- Get a pedometer and start adding in steps! The US Department of Health suggests that you should take 10,000 steps per day. Using a pedometer, you can track where you are right now and start to add in steps towards that daily goal. Some ways to add in some steps might be: finding a parking space further from your building, taking public transportation instead of a taxi since a taxi typically drops you off right at the door and public transportation requires a bit more walking, getting off the bus or train one stop before your stop to add in even more steps, taking the stairs, take calls while walking around, take walking meetings, stand up for a quick stretch every time you press send on an email, taking a walk after you eat (bonus, this also helps in digestion),etc.
- Get involved in the cleaning! Make your own bed in the morning, doing the laundry, sweeping and/or vacuuming, helping pick up toys (*bonus* turn it into a game or do lunges in between picking up a piece of lego and putting it in the box….better yet, turn the music up loud and dance while you are cleaning!)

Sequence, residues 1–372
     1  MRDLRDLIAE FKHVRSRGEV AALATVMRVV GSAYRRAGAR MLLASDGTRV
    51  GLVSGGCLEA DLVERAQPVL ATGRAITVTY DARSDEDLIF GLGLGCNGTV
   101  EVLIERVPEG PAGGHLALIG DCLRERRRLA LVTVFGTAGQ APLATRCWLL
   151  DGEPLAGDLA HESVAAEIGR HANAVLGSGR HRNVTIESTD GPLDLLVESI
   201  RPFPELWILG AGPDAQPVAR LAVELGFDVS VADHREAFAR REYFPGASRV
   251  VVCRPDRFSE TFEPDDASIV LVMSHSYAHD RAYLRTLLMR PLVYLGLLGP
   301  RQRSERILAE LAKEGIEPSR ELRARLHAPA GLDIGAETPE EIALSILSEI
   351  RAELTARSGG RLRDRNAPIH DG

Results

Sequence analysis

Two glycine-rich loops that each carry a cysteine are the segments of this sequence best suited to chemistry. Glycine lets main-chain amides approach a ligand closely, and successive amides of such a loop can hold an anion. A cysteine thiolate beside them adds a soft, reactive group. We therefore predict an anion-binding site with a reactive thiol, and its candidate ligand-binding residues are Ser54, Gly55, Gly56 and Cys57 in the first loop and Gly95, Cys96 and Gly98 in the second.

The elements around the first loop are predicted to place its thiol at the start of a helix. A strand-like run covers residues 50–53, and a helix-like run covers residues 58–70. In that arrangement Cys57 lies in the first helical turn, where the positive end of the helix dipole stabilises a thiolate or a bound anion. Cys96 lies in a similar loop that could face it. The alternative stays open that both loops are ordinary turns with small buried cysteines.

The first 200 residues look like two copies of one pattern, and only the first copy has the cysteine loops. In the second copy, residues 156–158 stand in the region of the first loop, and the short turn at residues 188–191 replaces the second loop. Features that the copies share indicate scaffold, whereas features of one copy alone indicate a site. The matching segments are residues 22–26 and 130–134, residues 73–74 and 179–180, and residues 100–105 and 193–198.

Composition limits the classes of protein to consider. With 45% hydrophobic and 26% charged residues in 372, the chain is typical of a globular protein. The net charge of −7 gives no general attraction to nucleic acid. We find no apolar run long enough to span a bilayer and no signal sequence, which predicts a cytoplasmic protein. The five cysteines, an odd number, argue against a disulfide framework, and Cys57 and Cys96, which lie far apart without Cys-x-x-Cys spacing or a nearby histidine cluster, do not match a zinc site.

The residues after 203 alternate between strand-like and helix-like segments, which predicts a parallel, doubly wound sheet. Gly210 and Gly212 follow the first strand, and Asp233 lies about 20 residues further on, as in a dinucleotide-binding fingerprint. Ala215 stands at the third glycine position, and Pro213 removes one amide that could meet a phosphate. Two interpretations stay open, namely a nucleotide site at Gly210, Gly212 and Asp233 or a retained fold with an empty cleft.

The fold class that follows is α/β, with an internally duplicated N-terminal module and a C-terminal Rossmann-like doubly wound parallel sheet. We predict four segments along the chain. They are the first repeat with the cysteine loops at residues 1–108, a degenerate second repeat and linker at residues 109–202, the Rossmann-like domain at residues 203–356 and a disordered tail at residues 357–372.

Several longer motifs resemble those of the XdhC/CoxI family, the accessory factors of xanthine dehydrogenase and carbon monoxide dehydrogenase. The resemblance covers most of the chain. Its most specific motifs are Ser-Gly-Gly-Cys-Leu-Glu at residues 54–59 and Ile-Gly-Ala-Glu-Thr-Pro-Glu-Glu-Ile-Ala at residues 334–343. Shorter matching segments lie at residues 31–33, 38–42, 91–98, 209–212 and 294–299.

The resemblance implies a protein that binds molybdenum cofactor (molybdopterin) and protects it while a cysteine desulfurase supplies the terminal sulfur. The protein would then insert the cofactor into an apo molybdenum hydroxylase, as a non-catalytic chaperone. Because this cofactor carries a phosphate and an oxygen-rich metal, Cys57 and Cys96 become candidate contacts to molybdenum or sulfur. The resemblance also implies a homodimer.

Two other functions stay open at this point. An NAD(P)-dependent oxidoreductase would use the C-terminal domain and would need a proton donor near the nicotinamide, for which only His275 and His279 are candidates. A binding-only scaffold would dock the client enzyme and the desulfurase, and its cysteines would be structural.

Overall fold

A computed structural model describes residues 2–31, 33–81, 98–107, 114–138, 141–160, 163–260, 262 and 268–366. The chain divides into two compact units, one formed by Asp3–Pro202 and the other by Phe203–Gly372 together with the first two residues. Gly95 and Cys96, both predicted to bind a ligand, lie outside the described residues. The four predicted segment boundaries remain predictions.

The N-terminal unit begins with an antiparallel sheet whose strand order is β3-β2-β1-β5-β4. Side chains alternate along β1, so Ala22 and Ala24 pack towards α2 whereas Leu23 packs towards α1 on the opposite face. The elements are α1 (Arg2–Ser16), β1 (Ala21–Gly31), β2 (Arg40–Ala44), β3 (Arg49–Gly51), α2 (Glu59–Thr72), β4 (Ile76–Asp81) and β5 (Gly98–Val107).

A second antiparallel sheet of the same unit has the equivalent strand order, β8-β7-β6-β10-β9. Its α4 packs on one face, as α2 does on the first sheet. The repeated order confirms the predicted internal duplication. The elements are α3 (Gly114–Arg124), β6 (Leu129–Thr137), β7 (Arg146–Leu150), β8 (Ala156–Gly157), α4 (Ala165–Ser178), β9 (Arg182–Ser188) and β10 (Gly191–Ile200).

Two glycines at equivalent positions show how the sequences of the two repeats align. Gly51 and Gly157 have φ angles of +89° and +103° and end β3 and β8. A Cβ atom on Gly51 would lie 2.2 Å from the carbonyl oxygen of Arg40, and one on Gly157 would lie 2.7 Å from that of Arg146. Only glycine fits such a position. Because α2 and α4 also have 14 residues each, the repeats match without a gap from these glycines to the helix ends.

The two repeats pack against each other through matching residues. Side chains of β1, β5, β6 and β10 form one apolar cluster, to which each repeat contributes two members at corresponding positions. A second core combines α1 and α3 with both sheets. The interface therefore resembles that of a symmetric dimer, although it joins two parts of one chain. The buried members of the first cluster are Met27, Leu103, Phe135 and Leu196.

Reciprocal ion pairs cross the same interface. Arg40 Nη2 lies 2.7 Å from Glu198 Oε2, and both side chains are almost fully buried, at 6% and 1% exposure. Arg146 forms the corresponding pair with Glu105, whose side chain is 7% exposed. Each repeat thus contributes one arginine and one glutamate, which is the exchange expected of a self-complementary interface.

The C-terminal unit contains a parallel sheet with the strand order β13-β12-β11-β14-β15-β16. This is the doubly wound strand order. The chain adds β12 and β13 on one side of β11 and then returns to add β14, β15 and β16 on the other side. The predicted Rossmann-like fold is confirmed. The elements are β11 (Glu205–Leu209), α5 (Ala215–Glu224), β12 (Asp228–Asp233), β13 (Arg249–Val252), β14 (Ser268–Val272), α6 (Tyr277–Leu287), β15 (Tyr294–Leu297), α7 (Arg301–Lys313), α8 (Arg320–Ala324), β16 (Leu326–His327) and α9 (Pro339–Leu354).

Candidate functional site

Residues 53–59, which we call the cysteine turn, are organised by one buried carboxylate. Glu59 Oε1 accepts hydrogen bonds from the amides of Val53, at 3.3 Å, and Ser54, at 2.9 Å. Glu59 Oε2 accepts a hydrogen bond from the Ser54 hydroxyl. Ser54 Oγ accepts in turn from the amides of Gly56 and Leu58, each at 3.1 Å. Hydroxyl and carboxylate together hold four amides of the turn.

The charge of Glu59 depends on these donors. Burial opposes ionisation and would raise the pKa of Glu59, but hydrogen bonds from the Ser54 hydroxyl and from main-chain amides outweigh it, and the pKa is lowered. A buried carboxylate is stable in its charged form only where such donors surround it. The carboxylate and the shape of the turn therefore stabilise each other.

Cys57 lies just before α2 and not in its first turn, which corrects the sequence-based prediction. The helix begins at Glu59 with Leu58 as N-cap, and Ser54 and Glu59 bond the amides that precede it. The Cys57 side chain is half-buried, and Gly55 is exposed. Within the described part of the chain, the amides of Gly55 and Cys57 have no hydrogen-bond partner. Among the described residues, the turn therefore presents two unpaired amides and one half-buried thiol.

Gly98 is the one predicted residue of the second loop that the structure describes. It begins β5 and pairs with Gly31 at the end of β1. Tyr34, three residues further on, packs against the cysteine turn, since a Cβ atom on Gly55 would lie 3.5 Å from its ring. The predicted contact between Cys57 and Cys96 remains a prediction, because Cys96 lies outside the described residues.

- Limit delivery options! In Hong Kong specifically, you can have just about everything delivered. If it’s possible, walk to do your grocery shopping and walk to pick up your lunch/dinner instead of having it delivered. Get rid of conveniences that aren’t necessary when you have the time to go pick it up yourself.
- Have kids? Play with them! Not only does this increase your daily energy but playing also boosts your neural activity and cognition and increases brain function. I’ve already said how a child 6 years old or below expend the most daily energy, so join them and increase yours along the way.
- Invest in a standing desk or use a yoga ball at your desk! Taking away even the desk chair for a few minutes every hour can have huge affects on your daily energy expenditure.
To finish off a little more MATH….
1lb of fat = approximately 3,500 calories worth of energy
If you only increase NEAT by 200 calories (walking about 2miles over the course of the day) while decreasing daily calories by 300 by making healthier choices (equivalent of one 12oz soda and a small bag of chips) over 7 days you would reach 3,500calories burned (1lb!) and could be well on your way to your weight loss goals with just these small changes!